Grow your investments exponentially
Albert Einstein famously called compound interest the “eighth wonder of the world,” and we’d agree. Move over Great Pyramid of Giza, the spotlight is on a new wonder, and it gets even greater with time.
==Compounding== is simply the idea that your investments have the opportunity to grow exponentially over time. Not only does your initial investment generate returns, but your past returns also generate returns. Over time, this can have a snowball effect (in a good way) in terms of creating wealth, making it a powerful tool for savers and investors.
How compounding interest works
As a simple example, imagine that you begin with $1,000 in an investment that returns 10% per year. After the first year, your investment will have grown 10% and be worth $1,100. In the second year, not only will your initial $1,000 return 10%, but last year’s gain of $100 will also grow by 10%. By itself, the initial $1,000 would have generated $100 each year, for a total of $1,200. However, because your past gains also benefited, your portfolio is actually worth $1,210. While that extra $10 may seem small, this process could continue and eventually add up to a large amount.
Thus, how much you benefit from compounding depends on a few factors: how much you start with, the rate of return, how often compounding occurs (monthly, annually, etc.), and your ==time horizon==. The higher any of these are, the greater the potential effects of compounding. It’s also important to point out that small differences can have a big impact on your outcomes.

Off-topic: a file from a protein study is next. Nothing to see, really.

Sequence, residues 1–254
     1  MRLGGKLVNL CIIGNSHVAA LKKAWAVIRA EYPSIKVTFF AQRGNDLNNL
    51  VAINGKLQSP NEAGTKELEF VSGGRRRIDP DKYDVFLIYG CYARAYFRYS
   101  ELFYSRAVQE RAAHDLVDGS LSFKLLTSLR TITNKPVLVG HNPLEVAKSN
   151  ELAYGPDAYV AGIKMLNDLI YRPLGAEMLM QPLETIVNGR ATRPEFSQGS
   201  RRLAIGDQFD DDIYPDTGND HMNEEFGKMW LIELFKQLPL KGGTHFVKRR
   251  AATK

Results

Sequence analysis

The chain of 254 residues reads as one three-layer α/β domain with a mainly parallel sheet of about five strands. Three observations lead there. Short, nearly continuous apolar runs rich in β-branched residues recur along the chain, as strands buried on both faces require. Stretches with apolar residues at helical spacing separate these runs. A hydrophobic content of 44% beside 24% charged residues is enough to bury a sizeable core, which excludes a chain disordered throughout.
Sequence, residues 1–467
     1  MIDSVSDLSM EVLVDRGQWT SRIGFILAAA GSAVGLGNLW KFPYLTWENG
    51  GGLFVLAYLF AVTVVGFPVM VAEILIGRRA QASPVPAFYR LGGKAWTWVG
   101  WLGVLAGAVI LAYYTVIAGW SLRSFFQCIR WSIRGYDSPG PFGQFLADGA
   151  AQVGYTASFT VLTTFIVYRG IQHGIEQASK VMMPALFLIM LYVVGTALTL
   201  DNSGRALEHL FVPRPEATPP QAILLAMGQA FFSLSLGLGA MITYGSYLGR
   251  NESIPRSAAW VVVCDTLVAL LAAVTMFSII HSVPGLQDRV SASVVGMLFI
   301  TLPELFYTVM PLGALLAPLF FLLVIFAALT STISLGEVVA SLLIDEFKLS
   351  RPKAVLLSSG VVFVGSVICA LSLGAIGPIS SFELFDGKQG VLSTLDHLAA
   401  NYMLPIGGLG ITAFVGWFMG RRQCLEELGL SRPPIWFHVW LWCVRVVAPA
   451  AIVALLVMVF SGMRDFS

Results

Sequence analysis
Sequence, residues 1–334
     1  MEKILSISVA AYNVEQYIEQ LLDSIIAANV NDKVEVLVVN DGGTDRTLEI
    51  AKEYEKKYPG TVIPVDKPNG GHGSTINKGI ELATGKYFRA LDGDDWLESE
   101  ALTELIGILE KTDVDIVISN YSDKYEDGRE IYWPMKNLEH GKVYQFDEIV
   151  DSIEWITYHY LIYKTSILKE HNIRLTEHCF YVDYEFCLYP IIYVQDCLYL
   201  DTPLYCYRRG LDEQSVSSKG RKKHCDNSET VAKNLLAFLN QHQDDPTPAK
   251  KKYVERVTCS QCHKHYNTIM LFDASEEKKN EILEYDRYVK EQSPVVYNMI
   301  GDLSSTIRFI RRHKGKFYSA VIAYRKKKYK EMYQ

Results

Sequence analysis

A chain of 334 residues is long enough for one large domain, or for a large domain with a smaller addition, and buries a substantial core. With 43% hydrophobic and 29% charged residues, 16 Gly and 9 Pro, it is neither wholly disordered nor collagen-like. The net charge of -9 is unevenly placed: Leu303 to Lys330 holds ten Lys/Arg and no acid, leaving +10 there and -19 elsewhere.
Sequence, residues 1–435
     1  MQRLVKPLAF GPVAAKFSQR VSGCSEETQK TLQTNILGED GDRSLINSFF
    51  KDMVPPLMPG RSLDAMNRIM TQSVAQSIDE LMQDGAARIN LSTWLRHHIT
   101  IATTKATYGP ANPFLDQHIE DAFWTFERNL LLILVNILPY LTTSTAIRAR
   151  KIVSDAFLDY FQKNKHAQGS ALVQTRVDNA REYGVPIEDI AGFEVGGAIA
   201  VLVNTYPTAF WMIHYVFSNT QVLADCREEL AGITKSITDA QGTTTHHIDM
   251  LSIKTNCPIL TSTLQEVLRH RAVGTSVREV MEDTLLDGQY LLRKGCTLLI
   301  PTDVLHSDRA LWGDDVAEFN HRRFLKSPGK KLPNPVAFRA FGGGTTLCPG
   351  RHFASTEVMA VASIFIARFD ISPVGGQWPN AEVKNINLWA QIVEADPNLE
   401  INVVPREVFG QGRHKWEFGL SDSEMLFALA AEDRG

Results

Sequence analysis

This can be seen in the accompanying chart where small differences in growth rates of return can grow to be very large over time.
Chart: The hypothetical effect of $1,000 invested at 2%, 5%, and 10% annual growth rates over 30 years. All gains are reinvested with annual compounding. For illustrative purposes only.
Don’t touch your gains -- just let them grow
An important idea throughout this discussion is that you should try to reinvest your investment gains. Any gains that are sold or withdrawn won’t benefit from compounding. This is why staying invested over time and reinvesting gains are so important for building wealth. In addition to allowing your investment gains to work for you, reinvesting dividends or any interest payments you earn can help to make compounding work even harder.
This is also how a retirement savings account takes advantage of compounding-- you will likely contribute often, benefit from the returns of a diversified portfolio,, and have decades over which to invest. Allowing your portfolio to benefit from compounding will greatly boost your ability to achieve your financial goals.